Chinese restaurants worry about cost of packaging ban

Updated: 2015-01-12 11:02

By NIU YUE in New York(China Daily USA)

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Chinese restaurants worry about cost of packaging ban

Diners eat at Fei Long Food Court in New York on Jan 9. All their food is contained with plastic foam that is to be banned on July 1. Lu Huiquan / For China Daily

Min Wang sells stewed meat at Fei Long Food Court on 8th Avenue in Brooklyn and packs every sale into an 8-ounce lunch box. Starting on July 1, Wang and other businesses that use the white foam packaging will have to put the food into something else as New York City's ban on expanded polystyrene goes into effect.

"That will be where our profits come from," said Wang, pointing to the boxes. "If prices go up, people might not come anymore. Some weaker restaurants may not make it."

He's not alone with his concern that the ban on polystyrene coffee cups and takeout containers will mean paying more for alternative packaging. Most take-out dishes at Chinese restaurants and other eateries, as well as at food carts, are served in plastic foam dishes or bowls because of their relative inexpensiveness and they serve as good insulators to keep food warm.

But in announcing the ban on Jan 8, Mayor Bill dBlasio said in a statement: "These products cause real environmental harm and have no place in New York City. We have better options, better alternatives, and if more cities across the country follow our lead and institute similar bans, those alternatives will soon become more plentiful and will cost less."

However, these "better" options "will be a cost increase for Chinese take-out businesses," said Peter How, president of the Asian American Restaurant Association with more than 200 members in New York City. He estimates that for each dish the packaging cost will increase around 10 cents, a seemingly negligible amount but it will add up.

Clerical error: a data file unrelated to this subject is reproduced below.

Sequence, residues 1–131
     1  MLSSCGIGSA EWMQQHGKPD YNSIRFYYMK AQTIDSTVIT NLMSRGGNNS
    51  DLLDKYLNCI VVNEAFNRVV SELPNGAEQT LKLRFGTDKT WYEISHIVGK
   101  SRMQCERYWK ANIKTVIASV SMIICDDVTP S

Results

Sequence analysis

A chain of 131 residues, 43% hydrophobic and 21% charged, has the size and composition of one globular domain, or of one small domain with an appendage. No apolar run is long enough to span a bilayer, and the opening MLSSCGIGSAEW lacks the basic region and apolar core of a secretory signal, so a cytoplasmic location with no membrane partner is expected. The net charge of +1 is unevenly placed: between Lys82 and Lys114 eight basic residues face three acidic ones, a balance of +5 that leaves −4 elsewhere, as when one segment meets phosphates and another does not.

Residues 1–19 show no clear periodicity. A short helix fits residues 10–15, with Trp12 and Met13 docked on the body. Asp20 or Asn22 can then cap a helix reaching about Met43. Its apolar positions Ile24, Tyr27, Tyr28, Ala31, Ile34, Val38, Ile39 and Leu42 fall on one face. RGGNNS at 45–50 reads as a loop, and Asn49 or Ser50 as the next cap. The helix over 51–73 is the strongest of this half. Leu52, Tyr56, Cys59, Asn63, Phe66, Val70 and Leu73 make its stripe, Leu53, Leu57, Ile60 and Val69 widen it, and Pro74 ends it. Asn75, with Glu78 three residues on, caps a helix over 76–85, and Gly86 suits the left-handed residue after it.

Lisa Liu, manager of a Chinese-owned bakery near 8th Avenue, agreed. "We may have to charge a little bit more then," said Liu. She said she has no immediate plan to raise prices because the ban is still half a year away.

Environmental groups have long decried the plastic foam products as a hazard that clogs the nation's landfills, and in his final state of the city address in 2013, Mayor Michael Bloomberg proposed the ban.

The Restaurant Action Alliance, a lobbying group, criticized the legislation, saying it would increase costs for the city's some 18,000 restaurants. It cited a study that said for every $1 spent on polystyrene foam products, restaurants will have to spend at least $1.94 on replacements.

In December 2013, just before Bloomberg left office, the City Council passed a compromise measure that gave foam defenders a year to prove to the sanitation commissioner that "dirty foam" could be collected, recycled and sold in an economically viable way.

On Jan 7, city officials said that the foam was not recyclable and that they had not found any established markets where it could be sold. The next day de Blasio announced he was going ahead with the ban.

Michael Westerfield of foam manufacturer Dart Container Corp called the ban a "bad decision". "All they're really banning is takeout," he told the New York Daily News. "There's still going to be packaging and foam boxes."

The city will give a six-month grace period until Jan1, 2016, before imposing fines. To minimize negative financial impact on restaurants, nonprofits and businesses with annual revenues below $500,000 can be exempted from the ban after proving that using other alternatives will lead to financial hardship.

The city's sanitation department estimates that about 28,000 tons of plastic foam waste was collected in 2014.

New York will be the largest city in the country with such a ban. More than 70 US cities have similar bans, including Washington, San Francisco, Seattle and Portland, Oregon.

Since 1995, multiple cities in China have imposed bans on plastic foam containers, and many restaurants have started to charge package fees to cover the cost of much more expensive recyclable materials.

Jason Wang, president of Xi'an Famous Foods, a Chinese fast-food chain with nine branches in New York City, told China Daily that his restaurants have been using more recyclable containers and have got rid of most plastic foam products.

With the new regulation, "there would be no unfair competition when everyone must use more environmentally friendly materials," said Wang. With take-out orders accounting for more than 60 percent of his business, he said his "corner-cutting competitors would be very happy to see us increase our costs and raise our prices."

Lu Huiquan in New York contributed to this story.